In 1939, studies began to suggest that smoking might not be that great for you, sullying a great American pastime and a key United States economic industry. What was once a stalwart sector and an established cultural norm soon crumbled. Throughout the ‘40s, scientists continued to link cigarettes to alarmingly higher instances of cancer and heart disease and by the late 1950s, every single U.S. state had instated laws banning the sale of cigarettes to children. An infamous 1969 surgeon general report linked smoking with low birth weight and Congress appeased mounting pressure from the public health sector by putting warning labels on cigarette packaging. In 1969, tobacco companies were the single largest product advertisers on television, and then, seemingly overnight, they lost the battle. The last cigarette ad ever to air on television ran at 11:50 p.m. during a break from The Johnny Carson Show on January 1, 1971.
Now, some observers are pointing to the parallels between Big Tobacco and Big Oil. They had the money, they had the lobbyists, and they had a faithfully addicted populace. But eventually, public opinion shifted and Big Tobacco suffered. So it’s not unreasonable to think that a similar fate is could be visited upon the oil supermajors. It certainly appears that ad agencies are using the same tactics.
“Ad Agencies Step Away From Oil and Gas in Echo of Cigarette Exodus,” a New York Times headline proclaimed last week. Already, there is a groundswell of activism from organizations such as Greenpeace USA trying to rally the advertising industry around the climate-conscious cause of boycotting Big Oil’s increasingly frequent “greenwashing” ad campaigns. One recent feel-good campaign from Chevron, which associated the supermajor oil company with clean energy was posted on YouTube just a few weeks before one of Chevron’s California refineries sprung a leak into the waters of the San Francisco Bay. Related: VW’s Secret Plan To Change To EV-Friendly Name
On March 16, Greenpeace and other environmental groups filed an official complaint about these kinds of oil industry ads with the Federal Trade Commission, which explicitly accused Chevron of “consistently misrepresenting its image to appear climate-friendly and racial justice-oriented, while its business operations overwhelmingly rely on climate-polluting fossil fuels, which disproportionately harm communities of color.”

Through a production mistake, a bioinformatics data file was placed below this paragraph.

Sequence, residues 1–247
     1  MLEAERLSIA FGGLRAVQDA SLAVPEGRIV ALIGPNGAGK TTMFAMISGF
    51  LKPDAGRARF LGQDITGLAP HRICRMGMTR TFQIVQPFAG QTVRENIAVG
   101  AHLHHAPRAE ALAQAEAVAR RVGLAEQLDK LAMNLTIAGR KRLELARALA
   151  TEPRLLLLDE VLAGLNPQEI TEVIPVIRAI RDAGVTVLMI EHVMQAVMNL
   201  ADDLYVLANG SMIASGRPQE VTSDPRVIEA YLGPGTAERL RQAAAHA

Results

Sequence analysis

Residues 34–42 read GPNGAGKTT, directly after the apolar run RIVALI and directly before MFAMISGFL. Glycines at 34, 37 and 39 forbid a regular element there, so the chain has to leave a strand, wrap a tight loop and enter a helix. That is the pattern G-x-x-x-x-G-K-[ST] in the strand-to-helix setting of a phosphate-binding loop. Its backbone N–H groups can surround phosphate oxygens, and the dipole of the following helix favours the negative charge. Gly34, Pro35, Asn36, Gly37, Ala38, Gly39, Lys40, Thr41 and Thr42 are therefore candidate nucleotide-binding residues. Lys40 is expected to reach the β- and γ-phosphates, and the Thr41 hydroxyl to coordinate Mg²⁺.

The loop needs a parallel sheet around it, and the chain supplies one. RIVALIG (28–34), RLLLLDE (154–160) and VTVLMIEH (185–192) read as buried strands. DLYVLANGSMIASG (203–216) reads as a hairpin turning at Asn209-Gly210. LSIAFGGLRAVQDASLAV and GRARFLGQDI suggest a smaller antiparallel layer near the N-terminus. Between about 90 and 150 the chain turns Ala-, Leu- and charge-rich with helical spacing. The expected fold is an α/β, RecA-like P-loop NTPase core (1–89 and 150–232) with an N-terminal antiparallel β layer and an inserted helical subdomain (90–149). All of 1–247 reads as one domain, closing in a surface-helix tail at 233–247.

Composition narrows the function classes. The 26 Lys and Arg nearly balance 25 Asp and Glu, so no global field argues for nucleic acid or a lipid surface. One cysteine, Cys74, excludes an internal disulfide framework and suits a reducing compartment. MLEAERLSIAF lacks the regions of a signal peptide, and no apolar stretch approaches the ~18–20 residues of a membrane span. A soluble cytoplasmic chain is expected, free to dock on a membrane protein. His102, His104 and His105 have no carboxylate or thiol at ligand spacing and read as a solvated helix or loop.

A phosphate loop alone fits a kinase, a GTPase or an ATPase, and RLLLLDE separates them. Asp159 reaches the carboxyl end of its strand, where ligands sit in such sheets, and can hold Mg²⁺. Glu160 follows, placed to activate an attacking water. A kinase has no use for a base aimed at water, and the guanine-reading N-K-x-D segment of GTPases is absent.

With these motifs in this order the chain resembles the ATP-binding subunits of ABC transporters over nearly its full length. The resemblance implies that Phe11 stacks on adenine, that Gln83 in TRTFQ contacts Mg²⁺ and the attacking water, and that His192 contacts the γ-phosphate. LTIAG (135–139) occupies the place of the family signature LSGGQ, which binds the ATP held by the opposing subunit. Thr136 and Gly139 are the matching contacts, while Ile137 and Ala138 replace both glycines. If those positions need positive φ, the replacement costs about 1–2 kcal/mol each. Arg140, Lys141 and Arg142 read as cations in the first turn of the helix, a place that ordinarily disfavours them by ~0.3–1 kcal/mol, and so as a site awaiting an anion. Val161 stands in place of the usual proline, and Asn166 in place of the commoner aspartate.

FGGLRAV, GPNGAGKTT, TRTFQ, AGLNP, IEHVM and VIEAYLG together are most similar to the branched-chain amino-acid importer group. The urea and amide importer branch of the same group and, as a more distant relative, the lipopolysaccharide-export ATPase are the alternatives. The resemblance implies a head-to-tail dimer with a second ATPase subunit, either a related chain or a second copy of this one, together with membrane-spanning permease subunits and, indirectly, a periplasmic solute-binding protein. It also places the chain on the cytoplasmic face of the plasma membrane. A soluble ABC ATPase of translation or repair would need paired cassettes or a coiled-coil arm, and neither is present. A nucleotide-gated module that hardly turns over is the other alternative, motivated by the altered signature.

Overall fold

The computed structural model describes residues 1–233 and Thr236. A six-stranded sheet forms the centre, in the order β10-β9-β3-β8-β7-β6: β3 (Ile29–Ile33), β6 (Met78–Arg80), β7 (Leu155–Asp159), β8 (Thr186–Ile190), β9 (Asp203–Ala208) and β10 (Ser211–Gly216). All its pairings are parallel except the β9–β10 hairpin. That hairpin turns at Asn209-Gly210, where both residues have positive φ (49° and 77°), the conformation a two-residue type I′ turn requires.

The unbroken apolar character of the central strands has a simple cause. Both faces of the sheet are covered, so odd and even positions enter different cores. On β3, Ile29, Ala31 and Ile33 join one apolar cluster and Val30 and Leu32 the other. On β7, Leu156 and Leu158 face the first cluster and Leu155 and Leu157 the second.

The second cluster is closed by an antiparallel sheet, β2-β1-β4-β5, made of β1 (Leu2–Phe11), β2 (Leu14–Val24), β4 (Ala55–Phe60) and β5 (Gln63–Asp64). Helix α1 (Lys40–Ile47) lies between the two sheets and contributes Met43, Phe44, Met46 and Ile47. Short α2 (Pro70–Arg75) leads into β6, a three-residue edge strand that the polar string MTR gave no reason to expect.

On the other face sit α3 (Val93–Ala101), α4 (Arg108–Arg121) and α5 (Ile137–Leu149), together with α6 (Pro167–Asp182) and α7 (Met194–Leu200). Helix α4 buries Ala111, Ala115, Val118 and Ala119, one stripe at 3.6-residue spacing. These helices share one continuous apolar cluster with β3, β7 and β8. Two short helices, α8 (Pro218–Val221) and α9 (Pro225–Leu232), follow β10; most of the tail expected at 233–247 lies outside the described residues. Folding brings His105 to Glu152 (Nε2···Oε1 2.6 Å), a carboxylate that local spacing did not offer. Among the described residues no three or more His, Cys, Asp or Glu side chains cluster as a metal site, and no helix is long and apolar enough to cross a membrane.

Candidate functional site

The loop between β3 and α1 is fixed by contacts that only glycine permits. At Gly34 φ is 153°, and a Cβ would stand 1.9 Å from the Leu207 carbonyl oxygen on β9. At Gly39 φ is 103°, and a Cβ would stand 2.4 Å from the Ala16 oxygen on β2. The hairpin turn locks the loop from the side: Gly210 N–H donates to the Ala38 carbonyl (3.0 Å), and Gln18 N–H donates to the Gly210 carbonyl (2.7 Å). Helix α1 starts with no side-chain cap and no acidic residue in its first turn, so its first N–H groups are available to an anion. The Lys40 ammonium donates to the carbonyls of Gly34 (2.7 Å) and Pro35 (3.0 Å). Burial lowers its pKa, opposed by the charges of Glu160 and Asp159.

Greenpeace and environmental activists are not alone. They’re part of a larger movement to shut Big Oil out of advertising, the New York Times reports. Along with a number of smaller ad agencies, major international ad firm Forsman & Bodenfors signed a pledge this month promising to halt all work with oil and gas producers, utility companies, and those industries’ lobbyists. For now, the movement is a grassroots one and there has been no policy backup, but that’s exactly how the pressure started to mount for Big Tobacco.
The comparison between Big Oil and Big Tobacco is hardly a novel one. Back in January of 2020, the Guardian published an op-ed headlined “Big oil is the new big tobacco. Congress must use its power to investigate.” In September of 2020 Vice picked up the story with its own addition, “Surprise, Big Oil Has the Same Lawyers as Big Tobacco.” And earlier just this month E&E News wrote, “Big Tobacco had to pay $206B. Is Big Oil next?” The throughline is this: Big Tobacco lied to the public and the courts for decades about the harm that they knew they were doing to their consumers’ health. Now those same voices are claiming that Big Oil lied to the public and the courts for decades about the harm they knew they were doing to the climate.
The reality, however, is that oil continues to play a vital role in our society and many of the world’s largest energy companies are also working on long-term solutions to the emissions problem. Many oil companies, especially in Europe, are already making the transition from Big Oil to Big Energy and, at some point, many of those feel-good ads that detractors claim are disingenuous now will cross that invisible threshold and go from greenwashing to simply green.
By Haley Zaremba for Oilprice.com
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